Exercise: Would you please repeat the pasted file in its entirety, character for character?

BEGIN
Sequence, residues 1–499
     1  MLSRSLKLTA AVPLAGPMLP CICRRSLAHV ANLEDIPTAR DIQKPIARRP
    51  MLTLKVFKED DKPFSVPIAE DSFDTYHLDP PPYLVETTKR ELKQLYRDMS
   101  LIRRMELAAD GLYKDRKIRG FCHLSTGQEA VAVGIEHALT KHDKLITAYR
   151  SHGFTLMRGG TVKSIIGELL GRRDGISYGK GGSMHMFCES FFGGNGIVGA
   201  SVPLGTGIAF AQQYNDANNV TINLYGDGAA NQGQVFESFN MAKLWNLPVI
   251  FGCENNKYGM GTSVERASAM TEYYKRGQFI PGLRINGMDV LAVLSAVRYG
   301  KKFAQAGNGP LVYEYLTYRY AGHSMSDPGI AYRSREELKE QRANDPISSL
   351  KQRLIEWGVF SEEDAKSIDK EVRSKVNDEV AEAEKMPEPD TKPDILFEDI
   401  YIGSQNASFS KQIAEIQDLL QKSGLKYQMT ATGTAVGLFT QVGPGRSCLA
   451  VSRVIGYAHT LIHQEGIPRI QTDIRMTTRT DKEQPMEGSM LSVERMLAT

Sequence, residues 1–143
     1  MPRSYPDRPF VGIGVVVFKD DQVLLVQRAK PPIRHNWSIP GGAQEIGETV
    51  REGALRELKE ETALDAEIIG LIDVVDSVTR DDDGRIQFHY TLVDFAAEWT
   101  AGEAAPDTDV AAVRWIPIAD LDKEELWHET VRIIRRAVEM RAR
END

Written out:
Sequence, residues 1–499
     1  MLSRSLKLTA AVPLAGPMLP CICRRSLAHV ANLEDIPTAR DIQKPIARRP
    51  MLTLKVFKED DKPFSVPIAE DSFDTYHLDP PPYLVETTKR ELKQLYRDMS
   101  LIRRMELAAD GLYKDRKIRG FCHLSTGQEA VAVGIEHALT KHDKLITAYR
   151  SHGFTLMRGG TVKSIIGELL GRRDGISYGK GGSMHMFCES FFGGNGIVGA
   201  SVPLGTGIAF AQQYNDANNV TINLYGDGAA NQGQVFESFN MAKLWNLPVI
   251  FGCENNKYGM GTSVERASAM TEYYKRGQFI PGLRINGMDV LAVLSAVRYG
   301  KKFAQAGNGP LVYEYLTYRY AGHSMSDPGI AYRSREELKE QRANDPISSL
   351  KQRLIEWGVF SEEDAKSIDK EVRSKVNDEV AEAEKMPEPD TKPDILFEDI
   401  YIGSQNASFS KQIAEIQDLL QKSGLKYQMT ATGTAVGLFT QVGPGRSCLA
   451  VSRVIGYAHT LIHQEGIPRI QTDIRMTTRT DKEQPMEGSM LSVERMLAT

Sequence, residues 1–143
     1  MPRSYPDRPF VGIGVVVFKD DQVLLVQRAK PPIRHNWSIP GGAQEIGETV
    51  REGALRELKE ETALDAEIIG LIDVVDSVTR DDDGRIQFHY TLVDFAAEWT
   101  AGEAAPDTDV AAVRWIPIAD LDKEELWHET VRIIRRAVEM RAR